Category: History

Ice, International Schools and Madame Doubtfire: a snapshot of a day, and a lesson in appreciation 

I derive great pleasure from the deep insights that come from making unexpected connections and links. Whilst I very much value (and enjoy creating) structure, organisation and routine, I robustly value the creative perspectives that emerge from changes and variations to daily patterns, because they add dimensions and layers of innovative understanding and appreciation to …

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When the volcano rumbles … what history teaches us about our present and future

Sometimes it can feel as though we are living in unprecedentedly insecure times. The turbulent surprise of Brexit, the uncertainty of potential presidential leadership in the US, the threat of home-grown, lone wolf terrorist attacks … it can be enough to make us want to batten down the hatches and retreat. History, however, teaches us …

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The legacy of a great Headmaster – peace on earth

I have just returned home from the beautiful memorial service held on Saturday at Daneshill School, Hampshire, for Simon Spencer, who so suddenly and tragically died on 31 July 2016. It was packed – standing room only – and testament to Simon’s charismatic presence and the role he has played on the educational stage in …

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Quaker schools: enduring values in a modern world

Faith schools are back in the news again, with the publication of the UK government’s Education green paper proposing (amongst other things) that faith schools should be able to select students largely on religious grounds rather than with the limitations currently in place. Faith schools come in a number of different forms, however, and my …

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Leonardo DiCaprio and the misnaming of ‘The Revenant’

Well, The Revenant is actually very good indeed. You probably already know this; regular readers of this blog will know that in matters cinematic, I am usually a late adopter and an opportunist; essentially, I usually wait to watch new film releases until a time and place where watching a movie is really the only …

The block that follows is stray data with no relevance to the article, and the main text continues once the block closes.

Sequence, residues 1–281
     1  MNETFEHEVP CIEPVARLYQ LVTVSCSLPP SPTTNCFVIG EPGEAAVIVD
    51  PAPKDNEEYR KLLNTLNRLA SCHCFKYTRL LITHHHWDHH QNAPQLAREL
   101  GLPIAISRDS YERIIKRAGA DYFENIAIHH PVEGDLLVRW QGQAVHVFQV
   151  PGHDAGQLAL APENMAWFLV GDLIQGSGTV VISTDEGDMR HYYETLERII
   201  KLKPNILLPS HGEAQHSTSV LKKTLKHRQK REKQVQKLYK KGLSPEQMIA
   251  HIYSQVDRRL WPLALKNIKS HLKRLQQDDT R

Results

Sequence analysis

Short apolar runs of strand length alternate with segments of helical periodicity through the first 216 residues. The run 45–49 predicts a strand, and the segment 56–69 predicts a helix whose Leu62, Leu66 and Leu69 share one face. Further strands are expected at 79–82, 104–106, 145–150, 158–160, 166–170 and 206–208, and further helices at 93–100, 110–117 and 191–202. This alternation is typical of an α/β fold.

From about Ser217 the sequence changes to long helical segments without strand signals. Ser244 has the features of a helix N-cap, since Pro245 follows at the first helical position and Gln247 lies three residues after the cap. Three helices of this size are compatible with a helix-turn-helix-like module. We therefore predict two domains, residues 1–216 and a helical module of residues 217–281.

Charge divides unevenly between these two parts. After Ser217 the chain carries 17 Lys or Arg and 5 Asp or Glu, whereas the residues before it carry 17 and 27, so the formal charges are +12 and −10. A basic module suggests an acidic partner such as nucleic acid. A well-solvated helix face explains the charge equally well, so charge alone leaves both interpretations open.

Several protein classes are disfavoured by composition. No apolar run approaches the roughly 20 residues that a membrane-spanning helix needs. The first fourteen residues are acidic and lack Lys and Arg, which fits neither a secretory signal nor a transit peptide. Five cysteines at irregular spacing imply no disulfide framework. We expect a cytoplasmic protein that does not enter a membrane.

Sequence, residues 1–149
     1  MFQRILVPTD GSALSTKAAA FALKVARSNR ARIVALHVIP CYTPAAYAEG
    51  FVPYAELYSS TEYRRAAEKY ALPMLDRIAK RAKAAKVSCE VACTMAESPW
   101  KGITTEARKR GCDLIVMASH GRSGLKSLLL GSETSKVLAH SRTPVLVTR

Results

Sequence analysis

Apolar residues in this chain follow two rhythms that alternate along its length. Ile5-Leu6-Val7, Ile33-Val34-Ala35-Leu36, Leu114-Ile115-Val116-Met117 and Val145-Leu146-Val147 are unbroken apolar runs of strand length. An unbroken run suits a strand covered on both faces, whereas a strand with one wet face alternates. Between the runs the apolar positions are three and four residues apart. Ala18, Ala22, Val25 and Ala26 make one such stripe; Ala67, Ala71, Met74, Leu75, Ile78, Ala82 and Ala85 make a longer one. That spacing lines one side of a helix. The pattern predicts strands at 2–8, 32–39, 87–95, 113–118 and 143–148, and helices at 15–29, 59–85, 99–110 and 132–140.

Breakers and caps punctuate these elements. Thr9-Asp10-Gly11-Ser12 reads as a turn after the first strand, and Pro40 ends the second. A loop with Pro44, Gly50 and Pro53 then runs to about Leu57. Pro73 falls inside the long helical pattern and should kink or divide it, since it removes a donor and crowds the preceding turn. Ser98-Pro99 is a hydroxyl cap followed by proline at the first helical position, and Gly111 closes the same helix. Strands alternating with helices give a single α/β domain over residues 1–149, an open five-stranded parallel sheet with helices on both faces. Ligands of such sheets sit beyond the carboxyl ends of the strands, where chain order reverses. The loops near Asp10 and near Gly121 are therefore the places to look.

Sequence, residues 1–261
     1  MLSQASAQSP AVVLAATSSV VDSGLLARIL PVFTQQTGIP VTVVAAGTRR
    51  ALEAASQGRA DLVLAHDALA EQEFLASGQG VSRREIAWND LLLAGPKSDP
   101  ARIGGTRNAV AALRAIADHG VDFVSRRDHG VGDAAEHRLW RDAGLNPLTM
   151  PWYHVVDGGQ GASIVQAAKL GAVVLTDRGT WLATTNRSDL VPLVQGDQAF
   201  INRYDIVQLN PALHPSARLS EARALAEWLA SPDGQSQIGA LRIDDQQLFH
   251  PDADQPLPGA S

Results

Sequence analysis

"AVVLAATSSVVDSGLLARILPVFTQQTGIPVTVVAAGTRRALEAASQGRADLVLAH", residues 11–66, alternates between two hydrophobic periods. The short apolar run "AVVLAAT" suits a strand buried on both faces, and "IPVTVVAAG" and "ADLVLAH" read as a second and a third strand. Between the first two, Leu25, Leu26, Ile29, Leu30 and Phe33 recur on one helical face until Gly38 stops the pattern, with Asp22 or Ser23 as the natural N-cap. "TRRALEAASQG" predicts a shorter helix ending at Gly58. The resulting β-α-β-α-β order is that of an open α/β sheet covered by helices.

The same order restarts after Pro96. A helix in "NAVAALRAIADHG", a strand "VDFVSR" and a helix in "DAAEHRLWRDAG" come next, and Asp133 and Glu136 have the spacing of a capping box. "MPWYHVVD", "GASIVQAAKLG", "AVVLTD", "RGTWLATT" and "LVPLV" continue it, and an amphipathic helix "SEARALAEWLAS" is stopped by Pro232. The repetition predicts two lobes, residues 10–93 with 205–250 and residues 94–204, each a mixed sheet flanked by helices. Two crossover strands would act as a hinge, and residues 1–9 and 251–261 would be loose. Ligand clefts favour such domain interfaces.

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Social mobility: the power of the Flying Scotsman

The Flying Scotsman came from London to Edinburgh on Saturday, and a friend of a friend posted a video of the train’s progress as it passed through Berwick-upon-Tweed, just short of the Scottish border. 200 people – young and old – turned out to watch it, to film it and to wave. What drew them …

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Marie Curie, the Edinburgh Fringe, and the Women of America

Playing now at the Edinburgh Fringe Festival is the final instalment in Tangram Theatre’s ‘Scientrilogy’ – a series of three one-man plays about the lives of great scientists. Charles Darwin and Albert Einstein have debuted in previous years; 2015 has marked the appearance of the great female scientist, Marie Curie. If you have the opportunity …

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So proud of our girls!

This International Day of the Girl Child has been the most amazing experience at Ascham. It was preceded by a week of awareness-raising, as we discussed the significance of 11th October – only the second ever International Day on which the girl and her latent power to change the world have sat at the heart …

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Walking the world and keeping up the pressure: looking ahead to the International Day of the Girl

As has been well-documented in this blog, Thursday 11th October 2012 was the very first ever International Day of the Girl. It was a day that was celebrated across the world; in its honour the London Eye turned pink, as did the Eiffel Tower and the Pyramids. Plan, the international children’s charity instrumental in making …

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Learning leadership from the most impoverished of women

I recently attended a dinner in aid of The Hunger Project and their work in seeking to end world hunger by empowering people – and especially women – in poverty-stricken areas to make change happen. In the course of their work, they have discovered something that should not surprise us, but might nonetheless challenge our …

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